The black box is orange--and there are actually two of them. They house the cockpit voice recorder and the flight data recorder, instruments vital to airplane crash analyses.
But accident investigators cannot rely on the black boxes alone. Beginning with the 1931 Fokker F-10A crash that killed legendary football coach Knute Rockne, this fascinating book provides a behind-the-scenes look at plane wreck investigations. Professor George Bibel shows how forensic experts, scientists, and engineers analyze factors like impact, debris, loading, fire patterns, metallurgy, fracture, crash testing, and human tolerances to determine why planes fall from the sky--and how the information gleaned from accident reconstruction is incorporated into aircraft design and operation to keep commercial aviation as safe as possible.
"The author does a first-rate job... The easy-to-read and engaging manner of the writing makes this an interesting historical as well as scientific text."--Charles K. Jervis, National Science Teachers Association
"Bibel takes the reader, chattily and with skill, through his analysis of a series of fatal accidents."--Paul Marks, New Scientist
"Offering insights into how aviation accident investigations are conducted, Bibel addresses the causes of such accidents, from in-flight breakup to metal fatigue and combustion, and the lessons learned. Enriched with many drawings, graphs, and equations... Highly recommended."--Library Journal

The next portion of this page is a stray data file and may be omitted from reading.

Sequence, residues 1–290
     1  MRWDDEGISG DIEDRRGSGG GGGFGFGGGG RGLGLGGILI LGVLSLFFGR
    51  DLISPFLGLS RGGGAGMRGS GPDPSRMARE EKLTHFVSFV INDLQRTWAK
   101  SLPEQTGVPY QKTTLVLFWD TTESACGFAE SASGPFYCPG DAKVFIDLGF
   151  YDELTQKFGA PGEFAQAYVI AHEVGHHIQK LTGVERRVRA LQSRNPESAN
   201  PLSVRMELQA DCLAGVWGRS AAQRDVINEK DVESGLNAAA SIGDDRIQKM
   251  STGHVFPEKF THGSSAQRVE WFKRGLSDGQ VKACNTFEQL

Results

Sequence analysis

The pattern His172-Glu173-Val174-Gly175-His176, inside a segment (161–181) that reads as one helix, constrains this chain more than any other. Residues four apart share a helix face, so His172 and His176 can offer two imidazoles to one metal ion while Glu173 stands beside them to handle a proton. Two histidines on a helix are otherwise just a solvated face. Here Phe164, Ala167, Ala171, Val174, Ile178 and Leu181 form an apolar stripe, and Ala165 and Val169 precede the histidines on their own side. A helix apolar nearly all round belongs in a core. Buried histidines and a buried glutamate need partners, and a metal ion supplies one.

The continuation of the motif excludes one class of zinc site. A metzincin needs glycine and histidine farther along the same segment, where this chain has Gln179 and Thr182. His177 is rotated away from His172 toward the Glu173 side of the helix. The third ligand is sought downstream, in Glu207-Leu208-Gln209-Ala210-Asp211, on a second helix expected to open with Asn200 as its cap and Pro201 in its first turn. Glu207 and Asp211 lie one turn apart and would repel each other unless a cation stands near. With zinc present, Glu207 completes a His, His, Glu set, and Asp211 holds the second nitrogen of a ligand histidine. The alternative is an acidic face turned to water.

"A fascinating book."--Steven D. Levitt, New York Times
"The author succeeds in both science and storytelling."--Choice
"The easy-to-read and engaging manner of the writing makes this an interesting historical as well as scientific text."--Charles K. Jervis, NSTA Recommends
"Beyond the Black Box provides a behind-the-scenes look at plane crash investigations."--Air Safety Week
"Bibel takes responsibility for his readers' understanding... using similes based on everyday events and objects."--Don Fry, Virginia Quarterly Review
"A good book that explains how and why airplanes can crash through descriptions of a wide variety of crashes and near-crashes followed by explanations of the science that governed those incidents. The stories of the accidents, and their explanations, read like mysteries; I found myself reading faster to get to the end of the story and find out why things happened the way they did. Bibel clearly has a love for all things aeronautical and that shines through on every page."--John M. Henshaw, author of Does Measurement Measure Up?
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Johns Hopkins University Press
January 01, 2007
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